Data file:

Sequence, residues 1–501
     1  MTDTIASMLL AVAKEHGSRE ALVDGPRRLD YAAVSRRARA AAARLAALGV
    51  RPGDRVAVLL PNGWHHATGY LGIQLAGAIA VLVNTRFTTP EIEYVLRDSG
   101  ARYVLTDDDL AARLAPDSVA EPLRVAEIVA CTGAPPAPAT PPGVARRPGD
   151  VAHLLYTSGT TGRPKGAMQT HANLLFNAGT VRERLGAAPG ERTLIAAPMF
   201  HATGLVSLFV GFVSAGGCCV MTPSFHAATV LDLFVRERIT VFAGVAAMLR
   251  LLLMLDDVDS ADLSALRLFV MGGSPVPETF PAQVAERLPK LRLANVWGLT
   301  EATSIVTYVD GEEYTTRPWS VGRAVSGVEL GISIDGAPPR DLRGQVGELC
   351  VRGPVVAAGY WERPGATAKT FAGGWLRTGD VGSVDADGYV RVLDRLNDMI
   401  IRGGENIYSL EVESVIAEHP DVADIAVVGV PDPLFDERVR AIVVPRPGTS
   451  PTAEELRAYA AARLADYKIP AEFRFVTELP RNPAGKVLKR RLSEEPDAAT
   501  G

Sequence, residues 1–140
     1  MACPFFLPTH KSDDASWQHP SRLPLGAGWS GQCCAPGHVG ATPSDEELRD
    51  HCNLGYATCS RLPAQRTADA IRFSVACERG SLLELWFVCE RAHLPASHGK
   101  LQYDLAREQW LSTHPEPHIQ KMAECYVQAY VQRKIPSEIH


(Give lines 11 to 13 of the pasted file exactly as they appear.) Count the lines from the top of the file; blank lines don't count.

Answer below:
   451  PTAEELRAYA AARLADYKIP AEFRFVTELP RNPAGKVLKR RLSEEPDAAT
   501  G

Sequence, residues 1–140